Much of the time, birding consists of looking over familiar species in familiar circumstances. But there are a few moments that make one say “Wow!” These moments are the reason why we bird. Coming face-to-face with a barred owl is one of those moments.
I have had the good fortune to have this happen twice during the last summer. Now before this summer I had never seen a barred owl before. On a couple field trips other people had seen or heard one, but it was always a matter of not recognizing the call before it stopped, or a bird flushing and then disappearing into the woods. Owls are among the most difficult birds to find; perhaps only rails are more elusive.
Those frustrating experiences changed this summer. When I was in
Last week’s sighting was a similar experience. I was at the
The barred owl, which is native to eastern
The barred owl’s success has brought it into conflict with the endangered spotted owl, its close relative. Barred owls have expanded their breeding territory into western states, where they outcompete spotted owls. This has led some officials in
Barred owls have personality. Their call, which may be heard during night or day, is distinctive (“who-cooks-for-you, who-cooks-for-you-all?”). Their eye disks make them appear alternately somewhat clownish, somewhat friendy, or somewhat sleepy. The neck ruff looks like a scarf wound about the bird’s shoulders. The streaks on their belly give the appearance of a pinstriped suit. (See Owl Pages for pictures and a recording.) What really stands out, though, are the eyes. Unlike most birds, owls have both eyes facing forward, an adaptation to help it find prey. This facial feature makes it much easier to anthropomorphize owls than other birds. Looking into a barred owl's deep brown eyes, one can imagine seeing a person looking back.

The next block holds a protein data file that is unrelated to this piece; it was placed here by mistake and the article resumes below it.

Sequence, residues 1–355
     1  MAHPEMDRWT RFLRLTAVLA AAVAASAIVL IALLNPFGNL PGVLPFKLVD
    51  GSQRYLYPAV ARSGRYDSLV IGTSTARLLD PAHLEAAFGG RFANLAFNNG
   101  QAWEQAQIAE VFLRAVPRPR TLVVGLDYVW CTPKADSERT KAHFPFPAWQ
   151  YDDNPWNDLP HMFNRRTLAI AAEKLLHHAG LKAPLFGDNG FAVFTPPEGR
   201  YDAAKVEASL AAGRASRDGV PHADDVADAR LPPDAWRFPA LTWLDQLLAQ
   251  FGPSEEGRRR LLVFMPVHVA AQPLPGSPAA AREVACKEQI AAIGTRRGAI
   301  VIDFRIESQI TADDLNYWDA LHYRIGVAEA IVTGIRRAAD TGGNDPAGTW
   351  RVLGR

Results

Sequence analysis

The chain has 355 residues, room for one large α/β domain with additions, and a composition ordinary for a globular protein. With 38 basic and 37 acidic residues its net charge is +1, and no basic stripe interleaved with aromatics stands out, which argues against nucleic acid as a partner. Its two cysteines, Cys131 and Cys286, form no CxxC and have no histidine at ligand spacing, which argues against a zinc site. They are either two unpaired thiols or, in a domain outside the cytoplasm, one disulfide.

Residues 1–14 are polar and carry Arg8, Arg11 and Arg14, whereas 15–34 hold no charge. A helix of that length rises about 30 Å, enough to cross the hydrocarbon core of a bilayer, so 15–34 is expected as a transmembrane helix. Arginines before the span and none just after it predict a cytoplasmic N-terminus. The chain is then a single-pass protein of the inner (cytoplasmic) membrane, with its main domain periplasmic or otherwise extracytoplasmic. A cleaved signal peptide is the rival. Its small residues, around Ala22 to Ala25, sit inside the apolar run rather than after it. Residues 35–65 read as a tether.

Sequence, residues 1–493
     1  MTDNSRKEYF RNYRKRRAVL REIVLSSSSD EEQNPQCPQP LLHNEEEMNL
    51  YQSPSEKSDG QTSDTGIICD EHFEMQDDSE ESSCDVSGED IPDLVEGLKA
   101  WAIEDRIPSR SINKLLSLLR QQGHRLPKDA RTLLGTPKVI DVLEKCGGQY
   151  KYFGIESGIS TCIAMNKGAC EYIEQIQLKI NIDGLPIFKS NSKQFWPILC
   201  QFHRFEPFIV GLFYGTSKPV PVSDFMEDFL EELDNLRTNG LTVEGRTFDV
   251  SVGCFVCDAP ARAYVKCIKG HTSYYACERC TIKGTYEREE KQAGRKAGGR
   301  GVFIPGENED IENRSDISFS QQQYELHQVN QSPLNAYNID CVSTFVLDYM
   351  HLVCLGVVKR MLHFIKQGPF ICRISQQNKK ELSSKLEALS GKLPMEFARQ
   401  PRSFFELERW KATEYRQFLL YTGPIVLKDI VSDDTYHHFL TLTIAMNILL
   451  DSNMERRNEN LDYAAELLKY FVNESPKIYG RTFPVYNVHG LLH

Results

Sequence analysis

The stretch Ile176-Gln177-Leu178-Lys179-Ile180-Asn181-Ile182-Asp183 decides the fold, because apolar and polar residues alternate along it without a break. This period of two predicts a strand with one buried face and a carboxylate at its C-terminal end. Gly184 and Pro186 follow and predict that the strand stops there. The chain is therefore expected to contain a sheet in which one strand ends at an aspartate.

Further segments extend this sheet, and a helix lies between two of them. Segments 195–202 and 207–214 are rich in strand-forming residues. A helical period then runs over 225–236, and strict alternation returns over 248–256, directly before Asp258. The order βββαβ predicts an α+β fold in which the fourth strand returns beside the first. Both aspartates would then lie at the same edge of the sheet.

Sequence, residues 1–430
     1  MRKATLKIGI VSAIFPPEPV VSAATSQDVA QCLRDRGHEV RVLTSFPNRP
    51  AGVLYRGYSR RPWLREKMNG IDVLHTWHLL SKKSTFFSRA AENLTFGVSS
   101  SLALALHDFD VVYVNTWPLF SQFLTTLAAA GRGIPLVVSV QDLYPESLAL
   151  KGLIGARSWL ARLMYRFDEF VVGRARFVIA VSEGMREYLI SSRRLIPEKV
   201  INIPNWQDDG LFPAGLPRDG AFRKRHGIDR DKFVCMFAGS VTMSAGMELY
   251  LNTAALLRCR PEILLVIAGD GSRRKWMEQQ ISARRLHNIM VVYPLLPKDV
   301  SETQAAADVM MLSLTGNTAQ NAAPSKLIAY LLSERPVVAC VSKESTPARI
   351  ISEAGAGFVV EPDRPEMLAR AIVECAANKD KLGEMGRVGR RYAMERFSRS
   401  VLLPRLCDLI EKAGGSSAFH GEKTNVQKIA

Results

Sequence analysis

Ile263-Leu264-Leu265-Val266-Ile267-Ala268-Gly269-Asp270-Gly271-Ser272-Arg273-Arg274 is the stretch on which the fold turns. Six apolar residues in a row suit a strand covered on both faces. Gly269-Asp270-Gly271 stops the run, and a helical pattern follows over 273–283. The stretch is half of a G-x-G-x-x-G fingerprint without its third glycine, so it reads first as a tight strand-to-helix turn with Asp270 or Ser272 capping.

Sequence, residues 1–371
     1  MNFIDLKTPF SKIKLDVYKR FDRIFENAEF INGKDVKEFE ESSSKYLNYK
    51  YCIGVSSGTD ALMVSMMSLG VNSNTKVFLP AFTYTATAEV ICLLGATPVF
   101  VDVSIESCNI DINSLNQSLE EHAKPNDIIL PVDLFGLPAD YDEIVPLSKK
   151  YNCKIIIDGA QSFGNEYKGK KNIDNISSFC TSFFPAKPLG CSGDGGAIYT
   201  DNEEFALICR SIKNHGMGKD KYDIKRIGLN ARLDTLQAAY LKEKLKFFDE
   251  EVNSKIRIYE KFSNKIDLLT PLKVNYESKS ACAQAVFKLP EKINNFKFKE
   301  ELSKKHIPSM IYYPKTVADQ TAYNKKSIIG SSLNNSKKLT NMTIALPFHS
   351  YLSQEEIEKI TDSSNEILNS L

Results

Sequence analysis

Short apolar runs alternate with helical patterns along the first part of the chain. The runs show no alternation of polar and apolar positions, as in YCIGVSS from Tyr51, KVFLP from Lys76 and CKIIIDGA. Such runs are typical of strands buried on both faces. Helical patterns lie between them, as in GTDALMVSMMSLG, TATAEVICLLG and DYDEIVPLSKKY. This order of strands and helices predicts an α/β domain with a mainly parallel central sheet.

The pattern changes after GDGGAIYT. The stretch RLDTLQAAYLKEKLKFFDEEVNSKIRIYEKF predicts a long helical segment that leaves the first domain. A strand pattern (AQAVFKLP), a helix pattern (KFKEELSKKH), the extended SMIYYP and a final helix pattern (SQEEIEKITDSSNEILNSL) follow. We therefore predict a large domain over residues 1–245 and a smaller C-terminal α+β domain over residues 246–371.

It is easy to forget when looking at the barred owl that it is a carefully tuned killing machine. The feathers on the leading edge of its wings are adapted to make no sound in flight so that its prey will be caught unaware. Like all owls, it has asymmetrical ear openings to pinpoint the location of any sound. Its talons and bill are sharp and merciless. But in the presence of a barred owl, these adaptations are not on my mind. Perched on a branch a stone’s throw away, it stares back like one of us.